Generating oxygen for good health

November 26, 2014 04:55 pm | Updated 04:55 pm IST

Sleep apnea is a condition where breathing is interrupted, causing disturbances in sleep. Photo: P. V. Sivakumar

Sleep apnea is a condition where breathing is interrupted, causing disturbances in sleep. Photo: P. V. Sivakumar

Belly fat is the most challenging problem in India’s productive population. The most frequent problems faced by people with belly fat are metabolic problems like lipid disorders, diabetes mellitus, hypertension, coronary artery disease and sleep disorders like obstructive sleep apnoea and obesity hypoventilation. This belly fat is difficult to lose despite dietary restrictions and brisk walking.

There is a 44-year-old obese executive who had excessive belly fat, neck fat deposition and complained of heavy snoring, choking during sleep with excessive sleepy behaviour during day time. A sleep test was done for Obstructive Sleep Apnoea, a disease characterised by repeated choking and stoppage of respirations during sleep leading to low oxygenation with poor quality sleep. He was asked to lose fat and was put on Continuous Positive Airway Pressure device to control these life threatening problems. Repeated low oxygen state is risky; it affects your neuro-cognitive, cardiac and metabolic functions of the body.

Oxygen is a highly flammable substance that speeds up chemical reactions. In the body, oxygen dilates the vascular system. This increases your metabolism and burns more calories. The more oxygen in your bloodstream, the more energy you will have and the more calories you will burn.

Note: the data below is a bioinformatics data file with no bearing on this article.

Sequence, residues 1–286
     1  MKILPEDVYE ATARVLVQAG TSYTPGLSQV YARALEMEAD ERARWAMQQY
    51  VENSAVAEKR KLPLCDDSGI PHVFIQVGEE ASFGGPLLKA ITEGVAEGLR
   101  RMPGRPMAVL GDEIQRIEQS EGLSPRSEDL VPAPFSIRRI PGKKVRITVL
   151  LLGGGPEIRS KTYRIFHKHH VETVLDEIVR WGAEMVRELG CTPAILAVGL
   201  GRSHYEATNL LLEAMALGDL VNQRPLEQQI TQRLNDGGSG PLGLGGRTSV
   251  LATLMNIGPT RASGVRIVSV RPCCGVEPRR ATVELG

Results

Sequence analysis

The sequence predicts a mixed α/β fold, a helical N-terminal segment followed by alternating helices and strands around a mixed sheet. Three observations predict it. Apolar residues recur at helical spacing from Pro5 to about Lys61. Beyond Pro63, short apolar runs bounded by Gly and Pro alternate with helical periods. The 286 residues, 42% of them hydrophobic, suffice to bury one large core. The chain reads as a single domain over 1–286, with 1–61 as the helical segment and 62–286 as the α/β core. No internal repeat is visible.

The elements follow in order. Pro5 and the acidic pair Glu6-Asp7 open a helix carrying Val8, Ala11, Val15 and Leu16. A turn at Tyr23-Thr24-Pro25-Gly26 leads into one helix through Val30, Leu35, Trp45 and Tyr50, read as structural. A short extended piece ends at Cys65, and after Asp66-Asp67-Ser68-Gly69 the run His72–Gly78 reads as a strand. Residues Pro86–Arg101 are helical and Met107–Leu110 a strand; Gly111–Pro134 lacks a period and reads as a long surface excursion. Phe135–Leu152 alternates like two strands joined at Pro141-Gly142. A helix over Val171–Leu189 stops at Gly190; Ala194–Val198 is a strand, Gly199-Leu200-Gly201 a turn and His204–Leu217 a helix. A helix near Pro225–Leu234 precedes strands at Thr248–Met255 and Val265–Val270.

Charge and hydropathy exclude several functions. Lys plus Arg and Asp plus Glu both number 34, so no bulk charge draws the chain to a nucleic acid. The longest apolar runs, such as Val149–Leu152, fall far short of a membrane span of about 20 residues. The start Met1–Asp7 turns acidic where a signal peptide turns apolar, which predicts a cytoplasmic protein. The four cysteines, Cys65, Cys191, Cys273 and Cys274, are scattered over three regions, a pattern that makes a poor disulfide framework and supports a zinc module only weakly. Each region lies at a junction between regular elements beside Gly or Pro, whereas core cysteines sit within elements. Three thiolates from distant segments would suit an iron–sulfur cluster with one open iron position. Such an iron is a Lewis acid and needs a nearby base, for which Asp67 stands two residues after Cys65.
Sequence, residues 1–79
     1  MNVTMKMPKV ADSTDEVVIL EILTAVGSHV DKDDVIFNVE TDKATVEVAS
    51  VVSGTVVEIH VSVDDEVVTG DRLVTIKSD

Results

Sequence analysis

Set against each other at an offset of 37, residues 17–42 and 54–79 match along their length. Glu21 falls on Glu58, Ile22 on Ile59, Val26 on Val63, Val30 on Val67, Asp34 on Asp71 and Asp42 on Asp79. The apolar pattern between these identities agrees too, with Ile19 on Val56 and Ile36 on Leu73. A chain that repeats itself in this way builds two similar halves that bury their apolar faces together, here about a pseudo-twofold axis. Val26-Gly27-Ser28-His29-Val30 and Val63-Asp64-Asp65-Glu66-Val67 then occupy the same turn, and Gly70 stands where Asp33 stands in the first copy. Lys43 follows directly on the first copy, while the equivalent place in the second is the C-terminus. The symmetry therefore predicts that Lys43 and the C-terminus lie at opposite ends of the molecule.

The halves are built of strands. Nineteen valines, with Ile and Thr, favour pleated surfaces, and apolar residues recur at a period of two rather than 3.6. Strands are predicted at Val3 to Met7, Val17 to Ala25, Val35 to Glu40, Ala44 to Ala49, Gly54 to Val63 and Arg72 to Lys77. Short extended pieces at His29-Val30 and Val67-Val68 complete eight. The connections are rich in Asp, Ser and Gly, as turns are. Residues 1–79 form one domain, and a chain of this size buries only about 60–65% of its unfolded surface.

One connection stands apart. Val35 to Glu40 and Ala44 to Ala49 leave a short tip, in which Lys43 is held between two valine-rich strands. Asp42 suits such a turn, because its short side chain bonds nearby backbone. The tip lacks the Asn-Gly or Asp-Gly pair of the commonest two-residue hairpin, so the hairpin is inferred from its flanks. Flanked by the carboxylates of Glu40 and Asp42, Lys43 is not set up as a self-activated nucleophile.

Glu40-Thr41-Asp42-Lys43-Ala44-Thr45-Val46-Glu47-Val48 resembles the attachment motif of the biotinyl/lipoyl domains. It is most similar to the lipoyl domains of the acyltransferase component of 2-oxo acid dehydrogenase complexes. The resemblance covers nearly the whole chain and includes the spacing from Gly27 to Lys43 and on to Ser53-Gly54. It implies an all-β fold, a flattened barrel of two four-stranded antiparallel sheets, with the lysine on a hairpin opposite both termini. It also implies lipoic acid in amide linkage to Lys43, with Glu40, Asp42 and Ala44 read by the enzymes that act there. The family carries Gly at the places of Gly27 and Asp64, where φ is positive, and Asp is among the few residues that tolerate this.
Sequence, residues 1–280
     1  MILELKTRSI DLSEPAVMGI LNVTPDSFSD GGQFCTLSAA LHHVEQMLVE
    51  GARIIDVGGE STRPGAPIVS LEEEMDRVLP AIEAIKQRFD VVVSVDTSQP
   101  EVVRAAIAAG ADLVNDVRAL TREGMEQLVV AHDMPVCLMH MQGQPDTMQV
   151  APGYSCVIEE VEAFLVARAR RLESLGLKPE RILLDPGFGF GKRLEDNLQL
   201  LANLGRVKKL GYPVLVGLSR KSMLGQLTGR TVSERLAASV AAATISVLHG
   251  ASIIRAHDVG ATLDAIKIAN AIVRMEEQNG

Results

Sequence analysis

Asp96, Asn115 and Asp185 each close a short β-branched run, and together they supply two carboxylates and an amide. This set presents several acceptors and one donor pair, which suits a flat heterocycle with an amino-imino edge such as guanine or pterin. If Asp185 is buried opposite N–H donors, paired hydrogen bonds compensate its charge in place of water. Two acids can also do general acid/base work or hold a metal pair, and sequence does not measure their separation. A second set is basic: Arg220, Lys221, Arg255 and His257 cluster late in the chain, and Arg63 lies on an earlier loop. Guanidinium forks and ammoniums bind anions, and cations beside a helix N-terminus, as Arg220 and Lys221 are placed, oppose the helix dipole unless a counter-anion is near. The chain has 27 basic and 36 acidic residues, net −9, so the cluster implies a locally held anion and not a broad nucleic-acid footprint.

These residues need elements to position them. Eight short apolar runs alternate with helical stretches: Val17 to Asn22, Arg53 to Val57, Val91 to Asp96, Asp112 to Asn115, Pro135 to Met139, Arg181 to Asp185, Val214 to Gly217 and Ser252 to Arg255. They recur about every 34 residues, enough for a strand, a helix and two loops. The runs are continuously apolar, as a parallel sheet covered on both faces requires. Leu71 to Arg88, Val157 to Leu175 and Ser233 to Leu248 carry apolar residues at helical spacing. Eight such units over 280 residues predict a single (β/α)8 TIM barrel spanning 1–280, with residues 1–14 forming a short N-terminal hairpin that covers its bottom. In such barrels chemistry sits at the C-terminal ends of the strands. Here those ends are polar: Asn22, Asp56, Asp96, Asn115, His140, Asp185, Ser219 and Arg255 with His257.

Breathing exercises boosts metabolism also by stimulating your thyroid glands. The thyroid gland is responsible for regulating metabolic rate. Deep breathing releases hormones from thyroid gland that stimulate metabolism and thereby indirectly leads to weight loss.

Fire breathing or belly breathing, also called diaphragmatic breathing is a simple deep breathing technique that teaches you how to use your diaphragm, a sheet of muscle at the bottom of our lungs and the most important muscle for breathing. It enhances your oxygenation state, augments respiration and increases your metabolism.

There are various steps for fire breathing exercise. Focus your mind on the middle of your forehead between your eyebrows and about an inch above. This energy centre is called the “Third Eye”. Exhale maximally all the air from your lungs and then some until there’s minimal air left. Inhale slowly through the nose for a four-count. When you feel that you have completely filled your lungs, inhale a couple more sips of air. Hold your breath for an eight-count. In this step, you’ll be “fire breathing” – exhaling and inhaling quickly for several minutes using your abdominal muscles.

Do not pause between your exhales or inhales. Make four, short; powerful exhalations followed by four, short, powerful inhalations. Inhalation must be through the nose and try to make exhalations through the pursed lips, for added abdominal strength. Each four-pulse inhale cycle should fill your lungs to capacity. Each four-pulse exhale cycle should completely empty your lungs. Deliberately expand your abdominal muscles to draw air in and contract them to force air out. Repeat this process for several minutes.

On your last inhale, breathe in just a little bit more and then hold your breath for as long as you can before exhaling.

Practice fire breathing once or twice a day. Unless you have been practicing breathing exercises for a few months, you will most likely only be able to handle one to two minutes of this exercise at a time. Over time, increase your sessions to last five to 10 minutes.

Warning: Always do under guidance by an instructor after medical clearance from your physician.

(The writer is founder, SAANS Foundation)

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